Huckleberry Finn

Jesus Estrada
Mr. Jefferson
Period 2
                                  Huckleberry Finn the Greatest Novel Ever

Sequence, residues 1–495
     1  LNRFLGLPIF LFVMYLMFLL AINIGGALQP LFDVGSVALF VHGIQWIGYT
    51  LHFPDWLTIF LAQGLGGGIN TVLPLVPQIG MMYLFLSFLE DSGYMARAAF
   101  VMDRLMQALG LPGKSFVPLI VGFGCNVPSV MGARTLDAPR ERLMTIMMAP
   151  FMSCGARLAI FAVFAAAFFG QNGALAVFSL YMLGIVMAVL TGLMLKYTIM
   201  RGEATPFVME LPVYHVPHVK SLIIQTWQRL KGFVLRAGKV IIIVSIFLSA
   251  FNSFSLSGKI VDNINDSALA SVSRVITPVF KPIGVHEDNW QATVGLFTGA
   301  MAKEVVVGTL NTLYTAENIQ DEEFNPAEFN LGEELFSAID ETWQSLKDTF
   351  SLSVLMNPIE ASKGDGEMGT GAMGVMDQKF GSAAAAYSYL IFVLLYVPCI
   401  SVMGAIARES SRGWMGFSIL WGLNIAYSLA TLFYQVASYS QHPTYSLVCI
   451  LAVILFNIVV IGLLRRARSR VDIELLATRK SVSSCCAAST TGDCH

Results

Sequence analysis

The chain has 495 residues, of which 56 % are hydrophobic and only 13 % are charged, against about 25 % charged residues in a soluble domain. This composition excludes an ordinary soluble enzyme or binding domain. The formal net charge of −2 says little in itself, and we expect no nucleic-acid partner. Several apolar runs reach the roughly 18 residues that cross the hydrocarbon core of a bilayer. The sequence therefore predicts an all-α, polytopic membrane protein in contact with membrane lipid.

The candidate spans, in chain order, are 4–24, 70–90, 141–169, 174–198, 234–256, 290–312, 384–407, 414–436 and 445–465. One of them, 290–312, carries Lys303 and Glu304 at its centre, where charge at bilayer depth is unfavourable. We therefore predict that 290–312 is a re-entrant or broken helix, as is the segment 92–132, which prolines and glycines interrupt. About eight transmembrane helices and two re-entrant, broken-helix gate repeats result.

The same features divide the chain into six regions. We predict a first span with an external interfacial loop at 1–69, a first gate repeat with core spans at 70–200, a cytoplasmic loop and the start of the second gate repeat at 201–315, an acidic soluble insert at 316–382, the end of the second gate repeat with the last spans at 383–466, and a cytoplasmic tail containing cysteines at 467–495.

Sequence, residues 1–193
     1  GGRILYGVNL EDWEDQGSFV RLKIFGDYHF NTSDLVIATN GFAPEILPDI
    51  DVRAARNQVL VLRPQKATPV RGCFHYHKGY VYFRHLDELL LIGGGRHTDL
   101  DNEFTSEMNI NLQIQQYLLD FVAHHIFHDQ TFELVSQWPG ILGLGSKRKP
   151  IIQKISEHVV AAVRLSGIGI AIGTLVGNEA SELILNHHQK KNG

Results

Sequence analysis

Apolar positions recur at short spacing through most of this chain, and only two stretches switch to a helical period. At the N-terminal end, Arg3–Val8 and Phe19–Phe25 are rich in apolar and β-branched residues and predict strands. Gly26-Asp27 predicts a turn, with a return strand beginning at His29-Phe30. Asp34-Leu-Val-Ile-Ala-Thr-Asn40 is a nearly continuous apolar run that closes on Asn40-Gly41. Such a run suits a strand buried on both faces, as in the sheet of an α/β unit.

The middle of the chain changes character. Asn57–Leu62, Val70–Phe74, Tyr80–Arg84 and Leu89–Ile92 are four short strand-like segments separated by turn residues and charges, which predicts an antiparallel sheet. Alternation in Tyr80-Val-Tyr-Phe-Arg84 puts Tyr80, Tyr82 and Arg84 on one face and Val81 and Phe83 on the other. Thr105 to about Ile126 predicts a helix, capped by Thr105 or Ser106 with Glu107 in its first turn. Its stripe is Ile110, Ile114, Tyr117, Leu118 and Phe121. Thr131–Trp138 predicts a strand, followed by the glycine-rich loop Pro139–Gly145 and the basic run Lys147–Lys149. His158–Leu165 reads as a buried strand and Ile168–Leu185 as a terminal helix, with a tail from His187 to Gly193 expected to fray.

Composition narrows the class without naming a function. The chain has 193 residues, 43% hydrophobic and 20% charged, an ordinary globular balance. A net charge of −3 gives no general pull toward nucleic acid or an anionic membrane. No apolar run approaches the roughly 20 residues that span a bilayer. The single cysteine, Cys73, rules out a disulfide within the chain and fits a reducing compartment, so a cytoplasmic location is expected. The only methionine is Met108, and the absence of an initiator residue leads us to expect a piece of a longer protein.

Earnest Hemingway stated that “All good novels began and ended with Huckleberry Finn.” What makes The Adventures of Huckleberry Finn by Mark Twain so unique and worthy of being called the Greatest American Novel would definitely have to be the satire that is used to criticize American Society. Mark Twain uses satire to attack what he sees as the hypocritical view of the Midwestern society. Nothing is sacred to his words especially not slavery, religion or human nature.                     Twain used satire to show the wrong that he saw in society such as man’s cruel and inhumane treatment of a fellow man. The best example of this would have to be the way Tom Sawyer is simply toying with Jim clearly seen in “We see it warn’t no use we got to go fetch Jim. So he raised up his bed and slid the chain off of the leg (260).” Here was the perfect time for Jim to escape and no one would get hurt but it was not good enough for Tom he wanted his so called glory which he believed all the authorities needed. What makes things worse is that Jim was free but Tom’s ambitions took it away similar to The King and The Duke when they sold Jim in the first place. This is where the satire comes in since Tom knew that Mrs. Watson had set Jim free yet never thought of mentioning it to neither Huck nor Jim which shows the idea of white superiority and the inability to let go of such “power”. This is illustrated when Jim sacrificed his freedom after Tom gets shot by trying to help him and ends up being locked up again even after doing a righteous thing. Jim’s action can be taken as Twain trying to tell us that African Americans who were looked down upon can end up being as kind as or even kinder than any white. Nowhere however in the novel is the satire of man’s cruelty to man more predominant than the tarring and feathering of The King and...